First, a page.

As for plaintiffs' litigation costs related to the consent decree, we agree with the magistrate judge that
when this suit was originally brought the United States was not diligently prosecuting the case. It was only after the citizen plaintiffs filed suit against ASARCO that the government filed suit․ [T]he success of this case and the entry of the consent decree between ASARCO and the United States was largely due to the efforts of the citizen plaintiffs.
Slip op. at 9 (June 5, 1996). The facts suggest that plaintiffs' early efforts did beneficially contribute directly and indirectly to the process from which the June 1995 consent decree evolved. Due in part to the plaintiffs' efforts, the June 1995 consent decree imposed greater sanctions upon ASARCO than the September 1994 consent decree that was negotiated by the EPA and ASARCO but never lodged with the district court. We therefore affirm the award of litigation costs for plaintiffs' efforts related to the consent decree, to the extent that such costs were incurred on or before June 28, 1995.
After the June 1995 consent decree was lodged with the district court, however, plaintiffs actively but unsuccessfully opposed the entry of the consent decree. The district court entered the June 1995 consent decree as a final judgment-without modification-upon finding it was “fair, reasonable and adequate in light of the purposes of the Clean Water Act.” Slip op. at 10-11 (Jan. 5, 1996). We therefore hold that the district court abused its discretion insofar as it awarded plaintiffs their litigation costs for work in opposition to the entry of the June 1995 consent decree because such work was not reasonably related to the results obtained. See Hensley v. Eckerhart, 461 U.S. at 440, 103 S.Ct. at 1943; Jenkins v. State of Missouri, 127 F.3d at 716. Accordingly, the award of litigation costs for work related to the consent decree is reversed to the extent that such costs were incurred by plaintiff after June 28, 1995.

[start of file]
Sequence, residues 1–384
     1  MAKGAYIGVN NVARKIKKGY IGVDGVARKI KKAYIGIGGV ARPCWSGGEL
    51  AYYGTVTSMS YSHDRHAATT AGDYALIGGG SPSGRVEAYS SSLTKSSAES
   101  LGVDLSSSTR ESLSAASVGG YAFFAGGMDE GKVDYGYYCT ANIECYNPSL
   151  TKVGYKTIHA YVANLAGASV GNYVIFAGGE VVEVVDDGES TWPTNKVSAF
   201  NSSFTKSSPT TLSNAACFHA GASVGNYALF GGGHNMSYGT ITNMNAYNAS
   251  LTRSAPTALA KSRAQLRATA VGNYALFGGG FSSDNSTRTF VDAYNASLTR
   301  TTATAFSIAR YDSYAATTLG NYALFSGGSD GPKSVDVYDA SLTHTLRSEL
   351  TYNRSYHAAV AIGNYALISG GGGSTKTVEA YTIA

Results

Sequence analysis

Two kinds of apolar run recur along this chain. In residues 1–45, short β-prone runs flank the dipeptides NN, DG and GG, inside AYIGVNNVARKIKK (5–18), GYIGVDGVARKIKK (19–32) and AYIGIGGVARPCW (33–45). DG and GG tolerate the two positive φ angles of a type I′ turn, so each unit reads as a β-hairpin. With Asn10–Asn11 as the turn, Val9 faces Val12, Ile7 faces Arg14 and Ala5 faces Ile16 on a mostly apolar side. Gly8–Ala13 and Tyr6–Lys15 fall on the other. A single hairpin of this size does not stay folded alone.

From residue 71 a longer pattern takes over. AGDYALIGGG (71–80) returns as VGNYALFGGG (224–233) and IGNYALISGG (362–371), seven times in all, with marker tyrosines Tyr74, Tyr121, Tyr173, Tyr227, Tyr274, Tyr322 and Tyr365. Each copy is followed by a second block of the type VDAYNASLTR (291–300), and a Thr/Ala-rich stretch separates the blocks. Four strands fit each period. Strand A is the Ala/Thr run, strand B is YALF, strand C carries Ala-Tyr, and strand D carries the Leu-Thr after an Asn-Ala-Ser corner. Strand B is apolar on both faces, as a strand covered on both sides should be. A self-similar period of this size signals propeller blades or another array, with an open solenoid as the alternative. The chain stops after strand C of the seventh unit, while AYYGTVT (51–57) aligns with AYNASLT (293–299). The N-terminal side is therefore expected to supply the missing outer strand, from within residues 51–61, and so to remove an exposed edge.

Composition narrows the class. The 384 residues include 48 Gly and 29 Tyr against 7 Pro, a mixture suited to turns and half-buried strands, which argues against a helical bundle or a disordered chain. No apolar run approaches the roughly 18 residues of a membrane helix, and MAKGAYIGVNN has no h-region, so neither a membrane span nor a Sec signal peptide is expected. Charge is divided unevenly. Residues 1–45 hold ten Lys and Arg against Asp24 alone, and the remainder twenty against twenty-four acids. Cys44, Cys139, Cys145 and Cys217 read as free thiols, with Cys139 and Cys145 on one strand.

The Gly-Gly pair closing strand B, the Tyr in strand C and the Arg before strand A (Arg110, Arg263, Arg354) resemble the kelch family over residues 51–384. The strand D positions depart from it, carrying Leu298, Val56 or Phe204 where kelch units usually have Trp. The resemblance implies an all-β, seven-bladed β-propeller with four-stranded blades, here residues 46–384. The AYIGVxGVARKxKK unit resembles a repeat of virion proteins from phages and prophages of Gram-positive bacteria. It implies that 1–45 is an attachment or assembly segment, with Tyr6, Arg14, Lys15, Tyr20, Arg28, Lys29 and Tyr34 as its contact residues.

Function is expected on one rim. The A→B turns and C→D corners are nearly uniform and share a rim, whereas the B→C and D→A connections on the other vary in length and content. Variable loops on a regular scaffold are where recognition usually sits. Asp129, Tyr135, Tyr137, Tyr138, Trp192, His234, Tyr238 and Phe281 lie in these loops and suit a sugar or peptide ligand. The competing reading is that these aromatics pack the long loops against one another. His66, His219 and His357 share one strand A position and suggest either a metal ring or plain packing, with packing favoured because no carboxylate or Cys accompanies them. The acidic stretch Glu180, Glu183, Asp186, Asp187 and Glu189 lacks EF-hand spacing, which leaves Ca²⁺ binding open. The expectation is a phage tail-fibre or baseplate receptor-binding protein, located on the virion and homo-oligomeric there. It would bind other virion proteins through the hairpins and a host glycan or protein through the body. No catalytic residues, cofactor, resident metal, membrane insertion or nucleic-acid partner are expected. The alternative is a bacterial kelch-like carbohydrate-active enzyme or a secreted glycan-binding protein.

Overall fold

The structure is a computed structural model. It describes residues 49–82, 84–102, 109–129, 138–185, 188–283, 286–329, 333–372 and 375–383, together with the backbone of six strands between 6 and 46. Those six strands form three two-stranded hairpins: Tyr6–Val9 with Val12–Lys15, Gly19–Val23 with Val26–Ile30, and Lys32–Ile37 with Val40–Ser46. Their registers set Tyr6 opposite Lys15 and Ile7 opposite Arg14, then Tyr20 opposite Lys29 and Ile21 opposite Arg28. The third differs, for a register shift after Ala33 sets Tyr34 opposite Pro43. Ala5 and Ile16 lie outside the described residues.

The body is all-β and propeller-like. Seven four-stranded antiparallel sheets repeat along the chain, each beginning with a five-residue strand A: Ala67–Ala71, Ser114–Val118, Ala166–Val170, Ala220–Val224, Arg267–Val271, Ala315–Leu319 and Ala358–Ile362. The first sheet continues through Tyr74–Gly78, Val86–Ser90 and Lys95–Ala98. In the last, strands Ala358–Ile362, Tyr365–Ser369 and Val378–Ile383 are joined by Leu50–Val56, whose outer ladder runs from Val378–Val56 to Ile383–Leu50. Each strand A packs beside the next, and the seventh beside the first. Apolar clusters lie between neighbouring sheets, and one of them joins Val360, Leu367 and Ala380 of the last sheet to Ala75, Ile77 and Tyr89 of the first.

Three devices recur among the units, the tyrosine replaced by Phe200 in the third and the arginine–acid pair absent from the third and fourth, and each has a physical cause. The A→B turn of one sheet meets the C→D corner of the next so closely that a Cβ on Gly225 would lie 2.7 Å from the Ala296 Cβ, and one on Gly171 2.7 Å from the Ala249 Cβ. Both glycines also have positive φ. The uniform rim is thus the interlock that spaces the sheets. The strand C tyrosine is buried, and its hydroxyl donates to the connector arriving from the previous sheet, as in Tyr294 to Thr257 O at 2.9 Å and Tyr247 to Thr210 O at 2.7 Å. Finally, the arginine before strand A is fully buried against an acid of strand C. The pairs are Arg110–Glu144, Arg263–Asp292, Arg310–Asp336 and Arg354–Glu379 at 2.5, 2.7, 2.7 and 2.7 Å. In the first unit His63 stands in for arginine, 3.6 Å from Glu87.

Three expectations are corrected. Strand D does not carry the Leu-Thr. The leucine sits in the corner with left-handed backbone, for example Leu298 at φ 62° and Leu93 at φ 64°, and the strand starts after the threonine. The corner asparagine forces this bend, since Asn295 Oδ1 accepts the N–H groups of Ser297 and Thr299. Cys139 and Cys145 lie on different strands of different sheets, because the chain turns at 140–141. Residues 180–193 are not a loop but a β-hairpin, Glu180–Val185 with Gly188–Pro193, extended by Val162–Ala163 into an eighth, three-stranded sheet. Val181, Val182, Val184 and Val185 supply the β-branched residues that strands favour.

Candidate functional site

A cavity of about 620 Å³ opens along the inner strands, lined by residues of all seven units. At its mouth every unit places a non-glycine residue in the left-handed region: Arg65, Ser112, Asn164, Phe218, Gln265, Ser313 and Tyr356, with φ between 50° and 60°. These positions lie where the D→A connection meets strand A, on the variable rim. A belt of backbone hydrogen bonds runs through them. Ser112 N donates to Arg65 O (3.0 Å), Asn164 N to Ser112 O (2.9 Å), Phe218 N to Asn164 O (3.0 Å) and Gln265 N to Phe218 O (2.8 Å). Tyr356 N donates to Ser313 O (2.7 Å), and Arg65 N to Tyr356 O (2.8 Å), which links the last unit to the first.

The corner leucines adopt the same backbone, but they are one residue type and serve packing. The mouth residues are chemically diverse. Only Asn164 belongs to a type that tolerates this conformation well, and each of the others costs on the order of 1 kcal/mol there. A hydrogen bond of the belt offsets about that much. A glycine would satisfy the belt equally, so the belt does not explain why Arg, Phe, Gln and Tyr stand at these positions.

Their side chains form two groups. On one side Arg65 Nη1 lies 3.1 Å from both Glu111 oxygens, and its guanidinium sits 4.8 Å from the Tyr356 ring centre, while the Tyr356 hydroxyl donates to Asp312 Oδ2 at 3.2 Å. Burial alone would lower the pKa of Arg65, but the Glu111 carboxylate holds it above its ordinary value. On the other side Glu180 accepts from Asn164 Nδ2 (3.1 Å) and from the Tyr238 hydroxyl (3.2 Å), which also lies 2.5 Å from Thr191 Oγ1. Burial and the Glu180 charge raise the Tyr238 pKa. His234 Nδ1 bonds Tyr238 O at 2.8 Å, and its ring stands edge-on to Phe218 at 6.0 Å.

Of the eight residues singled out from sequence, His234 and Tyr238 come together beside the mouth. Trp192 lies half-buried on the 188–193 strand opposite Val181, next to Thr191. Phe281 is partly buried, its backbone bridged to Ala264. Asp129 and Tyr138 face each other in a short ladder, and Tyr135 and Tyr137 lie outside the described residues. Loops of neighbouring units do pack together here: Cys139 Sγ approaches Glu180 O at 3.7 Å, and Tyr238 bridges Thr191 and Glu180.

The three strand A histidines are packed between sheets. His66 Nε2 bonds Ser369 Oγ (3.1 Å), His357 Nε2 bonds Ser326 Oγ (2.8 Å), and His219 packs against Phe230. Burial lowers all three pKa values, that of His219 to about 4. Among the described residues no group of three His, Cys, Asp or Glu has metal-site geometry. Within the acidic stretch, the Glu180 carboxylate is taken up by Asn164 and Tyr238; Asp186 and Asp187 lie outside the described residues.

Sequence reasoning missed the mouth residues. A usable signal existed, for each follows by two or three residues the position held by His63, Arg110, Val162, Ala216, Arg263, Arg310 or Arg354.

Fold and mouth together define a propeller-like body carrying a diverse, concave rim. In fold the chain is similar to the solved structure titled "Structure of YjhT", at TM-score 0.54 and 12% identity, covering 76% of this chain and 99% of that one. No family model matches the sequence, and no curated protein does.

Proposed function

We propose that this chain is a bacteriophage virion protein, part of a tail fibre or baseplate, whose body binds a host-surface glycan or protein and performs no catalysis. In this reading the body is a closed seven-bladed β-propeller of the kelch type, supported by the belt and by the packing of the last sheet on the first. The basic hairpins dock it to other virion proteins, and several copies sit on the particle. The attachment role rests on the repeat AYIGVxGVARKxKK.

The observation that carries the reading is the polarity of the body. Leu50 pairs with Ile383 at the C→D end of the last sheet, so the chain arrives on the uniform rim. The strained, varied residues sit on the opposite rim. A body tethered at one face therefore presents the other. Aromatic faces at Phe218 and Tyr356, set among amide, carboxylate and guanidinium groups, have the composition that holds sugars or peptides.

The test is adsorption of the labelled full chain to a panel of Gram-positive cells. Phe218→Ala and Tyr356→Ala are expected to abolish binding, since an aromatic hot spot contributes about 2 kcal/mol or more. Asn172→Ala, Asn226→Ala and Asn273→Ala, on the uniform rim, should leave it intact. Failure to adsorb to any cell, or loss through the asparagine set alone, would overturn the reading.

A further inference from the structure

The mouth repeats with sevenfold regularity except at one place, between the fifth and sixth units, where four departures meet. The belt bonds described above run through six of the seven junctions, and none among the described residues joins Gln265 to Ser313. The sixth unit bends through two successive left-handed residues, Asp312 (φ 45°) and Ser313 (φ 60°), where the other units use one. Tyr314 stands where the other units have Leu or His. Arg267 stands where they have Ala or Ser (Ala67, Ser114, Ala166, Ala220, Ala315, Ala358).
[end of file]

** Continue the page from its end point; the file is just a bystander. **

Finally, ASARCO argues that the district court's order awarding litigation costs should be reversed and the case remanded because the district court failed to explain its decision adequately. In support of this contention, ASARCO relies upon the following statement by the Supreme Court:
[T]he district court has discretion in determining the amount of a fee award. This is appropriate in view of the district court's superior understanding of the litigation and the desirability of avoiding frequent appellate review of what essentially are factual matters. It remains important, however, for the district court to provide a concise but clear explanation of its reasons for the fee award. When an adjustment is requested on the basis of either the exceptional or limited nature of the relief obtained by the plaintiff, the district court should make clear that it has considered the relationship between the amount of the fee awarded and the results obtained.